Dutch researchers have brought us all one step closer to super-fast, ultra-secure internet connections using quantum technologies.
A team from QuTech, a collaboration between Delft University of Technology in the Netherlands and the Netherlands Organization for Applied Scientific Research, achieved the first transmission of information of its kind over a very small quantum network of three nodes.
The nodes of the network were built using tiny quantum processors, and sending quantum information between these processors has been a major hurdle, but it is also essential to harnessing the quirks of quantum mechanics to transmit information.
What the researchers did was create a quantum “teleporter” using two entangled quantum “processors,” which they named Alice and Charlie. Quantum information transfer between two entangled processors is not entirely new, but previous efforts have been limited to adjacent quantum processors. This was an important step, but if quantum information transfer between two points it’s going to be functionally useful, so we’re going to have to have points that are a certain distance from each other.
Is quantum teleportation possible?
Ultimately, why do all this and what does it really mean? The QuTech team believes they have created one of the building blocks of a quantum Internet, and while replicability of this work will be a big key, these are still very encouraging results.
“We are now building small quantum networks in the lab,” said Ronald Hanson, a Delft physicist who oversees the QuTech team, at the New York Times. “But the idea is eventually to build a quantum Internet.”
What makes the idea of that quantum internet so attractive is that it would allow the seemingly instantaneous transfer of data from one place to another through a phenomenon called quantum teleportation.
“The idea of quantum teleportation is that one can teleport the information carried by a qubit, but not the physical qubit itself,” said Dr. Sophie Hermans, lead author of the study published May 25 in the journal. Naturesaying interesting engineering. “To do so, you would need an entangled state between two qubits in the hands of the sender and receiver. An entangled state is a property known only in quantum mechanics and represents a very strong connection, even between very distant qubits.”
The QuTech researchers appear to have done just that by using a third processor, designated Bob, that was capable of taking quantum information from Charlie and passing it to Alice, effectively entangling Charlie and Alice, allowing them to transfer information between them.
“Once the entangled state is established, the connection, can be used to teleport the information stored in a third qubit that is held by the sender. By doing a special type of measurement (a Bell measurement), the information disappears from the qubit in the sender and appears in the qubit of the receiver”.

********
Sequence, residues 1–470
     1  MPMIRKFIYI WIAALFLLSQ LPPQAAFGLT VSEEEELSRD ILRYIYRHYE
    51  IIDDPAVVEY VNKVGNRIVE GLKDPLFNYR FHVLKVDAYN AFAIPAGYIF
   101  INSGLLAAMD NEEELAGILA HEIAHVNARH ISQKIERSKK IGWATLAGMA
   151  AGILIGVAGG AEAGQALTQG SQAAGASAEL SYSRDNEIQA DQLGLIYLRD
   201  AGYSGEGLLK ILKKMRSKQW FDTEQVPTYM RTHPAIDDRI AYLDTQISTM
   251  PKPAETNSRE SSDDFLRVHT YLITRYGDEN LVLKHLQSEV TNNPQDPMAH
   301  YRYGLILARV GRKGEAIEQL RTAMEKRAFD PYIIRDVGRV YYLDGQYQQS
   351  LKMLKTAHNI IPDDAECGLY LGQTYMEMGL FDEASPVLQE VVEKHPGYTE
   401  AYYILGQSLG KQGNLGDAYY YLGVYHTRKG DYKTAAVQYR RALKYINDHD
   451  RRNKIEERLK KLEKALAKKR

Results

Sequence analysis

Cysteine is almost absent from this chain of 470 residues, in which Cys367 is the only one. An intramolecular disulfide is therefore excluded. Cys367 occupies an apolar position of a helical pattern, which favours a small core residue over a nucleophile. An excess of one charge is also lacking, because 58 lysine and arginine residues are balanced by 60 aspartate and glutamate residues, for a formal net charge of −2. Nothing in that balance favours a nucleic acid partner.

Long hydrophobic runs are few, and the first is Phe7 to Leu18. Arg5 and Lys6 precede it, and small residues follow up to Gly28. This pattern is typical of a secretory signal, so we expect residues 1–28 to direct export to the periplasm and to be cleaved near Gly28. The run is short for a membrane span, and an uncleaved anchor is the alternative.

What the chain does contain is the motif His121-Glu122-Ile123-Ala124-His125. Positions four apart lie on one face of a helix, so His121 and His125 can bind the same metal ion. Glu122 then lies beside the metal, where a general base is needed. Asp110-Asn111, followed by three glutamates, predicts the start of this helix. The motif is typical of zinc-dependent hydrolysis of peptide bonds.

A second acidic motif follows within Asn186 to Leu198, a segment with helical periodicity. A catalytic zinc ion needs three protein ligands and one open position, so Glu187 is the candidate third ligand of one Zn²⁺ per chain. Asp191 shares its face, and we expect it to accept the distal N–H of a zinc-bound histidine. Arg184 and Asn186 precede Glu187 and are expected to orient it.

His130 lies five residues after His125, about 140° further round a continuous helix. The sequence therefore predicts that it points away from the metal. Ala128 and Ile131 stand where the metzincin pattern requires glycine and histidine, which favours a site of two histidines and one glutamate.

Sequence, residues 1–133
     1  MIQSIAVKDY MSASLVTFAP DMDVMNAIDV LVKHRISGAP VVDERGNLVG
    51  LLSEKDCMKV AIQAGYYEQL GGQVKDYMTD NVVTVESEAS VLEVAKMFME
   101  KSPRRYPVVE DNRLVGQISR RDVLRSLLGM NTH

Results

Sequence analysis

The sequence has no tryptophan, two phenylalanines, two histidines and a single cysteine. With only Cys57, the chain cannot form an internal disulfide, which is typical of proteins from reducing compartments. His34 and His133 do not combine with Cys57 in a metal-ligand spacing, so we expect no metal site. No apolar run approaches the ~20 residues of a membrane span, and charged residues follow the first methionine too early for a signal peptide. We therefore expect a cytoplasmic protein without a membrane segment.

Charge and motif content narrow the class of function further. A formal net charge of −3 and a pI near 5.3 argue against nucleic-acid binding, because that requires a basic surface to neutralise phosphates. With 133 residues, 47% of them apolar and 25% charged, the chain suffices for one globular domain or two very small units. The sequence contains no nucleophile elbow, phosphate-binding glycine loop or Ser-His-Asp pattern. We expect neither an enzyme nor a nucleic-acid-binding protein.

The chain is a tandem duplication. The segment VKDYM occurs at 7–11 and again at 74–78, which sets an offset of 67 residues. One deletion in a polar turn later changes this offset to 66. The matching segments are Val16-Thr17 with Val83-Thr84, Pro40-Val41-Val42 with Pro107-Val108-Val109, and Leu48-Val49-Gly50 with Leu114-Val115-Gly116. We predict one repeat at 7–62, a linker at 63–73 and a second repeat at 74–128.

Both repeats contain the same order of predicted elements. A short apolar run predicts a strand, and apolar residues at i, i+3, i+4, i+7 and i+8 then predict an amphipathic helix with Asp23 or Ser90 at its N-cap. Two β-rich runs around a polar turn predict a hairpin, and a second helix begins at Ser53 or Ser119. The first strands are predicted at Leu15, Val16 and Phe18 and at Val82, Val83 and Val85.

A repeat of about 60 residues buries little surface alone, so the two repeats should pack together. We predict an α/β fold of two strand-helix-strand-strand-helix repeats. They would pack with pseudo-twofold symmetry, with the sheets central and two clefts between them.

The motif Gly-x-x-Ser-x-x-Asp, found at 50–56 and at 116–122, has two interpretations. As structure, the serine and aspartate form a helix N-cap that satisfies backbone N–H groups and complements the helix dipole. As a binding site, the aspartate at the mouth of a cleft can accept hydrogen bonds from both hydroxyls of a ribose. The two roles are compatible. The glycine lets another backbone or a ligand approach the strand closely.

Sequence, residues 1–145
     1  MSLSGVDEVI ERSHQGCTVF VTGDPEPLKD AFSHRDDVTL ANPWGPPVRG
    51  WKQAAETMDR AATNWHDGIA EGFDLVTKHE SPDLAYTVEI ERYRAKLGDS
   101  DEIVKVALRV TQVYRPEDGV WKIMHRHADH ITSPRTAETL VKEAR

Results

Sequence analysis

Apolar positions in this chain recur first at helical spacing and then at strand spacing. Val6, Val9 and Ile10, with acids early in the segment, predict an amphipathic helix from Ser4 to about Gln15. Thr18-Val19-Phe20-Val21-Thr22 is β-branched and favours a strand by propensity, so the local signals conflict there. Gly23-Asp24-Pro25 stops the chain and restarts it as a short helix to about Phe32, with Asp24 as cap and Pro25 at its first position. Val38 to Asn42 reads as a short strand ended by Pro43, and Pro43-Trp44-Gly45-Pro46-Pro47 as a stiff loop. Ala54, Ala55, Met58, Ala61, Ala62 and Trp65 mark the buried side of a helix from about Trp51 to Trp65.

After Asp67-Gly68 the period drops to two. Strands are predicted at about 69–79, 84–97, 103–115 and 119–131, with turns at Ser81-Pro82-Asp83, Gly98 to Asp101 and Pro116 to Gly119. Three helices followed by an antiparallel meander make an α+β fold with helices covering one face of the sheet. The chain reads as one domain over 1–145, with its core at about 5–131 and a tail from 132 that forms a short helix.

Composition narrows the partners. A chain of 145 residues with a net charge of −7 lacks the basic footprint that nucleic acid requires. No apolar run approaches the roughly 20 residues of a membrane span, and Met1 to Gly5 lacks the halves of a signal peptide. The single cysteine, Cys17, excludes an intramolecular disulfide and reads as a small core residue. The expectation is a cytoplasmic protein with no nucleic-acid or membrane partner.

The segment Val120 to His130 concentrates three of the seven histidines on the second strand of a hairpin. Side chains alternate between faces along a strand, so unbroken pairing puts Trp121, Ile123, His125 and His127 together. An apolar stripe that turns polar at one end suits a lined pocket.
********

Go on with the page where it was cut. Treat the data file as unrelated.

There’s a lot more involved, especially around how the data is ultimately received, so “in order for the information to be useful,” Hermans told us, “one has to perform an operation, like a bit inversion, for example, depending on the results of the Bell measurement”.
Quantum teleportation is not the same as the physical teleportation seen in science fiction, although it is very close. The difference with quantum teleportation is that no physical matter is transmitted, only information, thanks to a quirk of quantum mechanics that allows two quantum particles to “share” a quantum state.
The best way to describe this quantum state is like describing a pair of gloves. When you see which hand one of those gloves is put on, you also know which hand the other is put on, even if you never see it. Note that this is a very basic description of the phenomenon, as even a century after the founding of quantum mechanics, there is still a lot we don’t actually know about the quantum world, but we seem to know enough to be to be able to start extending our knowledge to practical applications like a quantum internet.
Is quantum teleportation faster than light?
No, unfortunately, and it probably never can be. This is due to something known as the no communication theorem which posits that when an observer takes a quantum measurement, the information cannot be transmitted to another more distant observer faster than the speed of light.
“The fact that the receiver needs to know the results of the Bell measurement [for the information to be interpreted]creates the need to communicate these results,” Hermans told us. “This can be done using classical or normal communication, but this prevents faster-than-light communication.”
Still, the transmission of information is significantly faster than it currently is, namely fiber optics and light-encoded digital bits. And while it might seem like light would be the faster of the two, light also has a major problem, namely the eventual loss of signal that currently hampers classic digital communication.
Quantum teleportation preserves this information intact through the process of “teleportation”, and has the added benefit of being more secure. Because this is quantum information, any attempt to intercept the data will cause it to lose coherence, and without the proper information to interpret the resulting information, the intercepted data would look like random bits. Furthermore, the intended receiver could also detect this decoherence, which would indicate that the connection was being intercepted.
But work is still required to get to that point, and we’re still a decade or more away from a truly functional quantum internet, but we’re one step closer to making it a reality, and that’s something.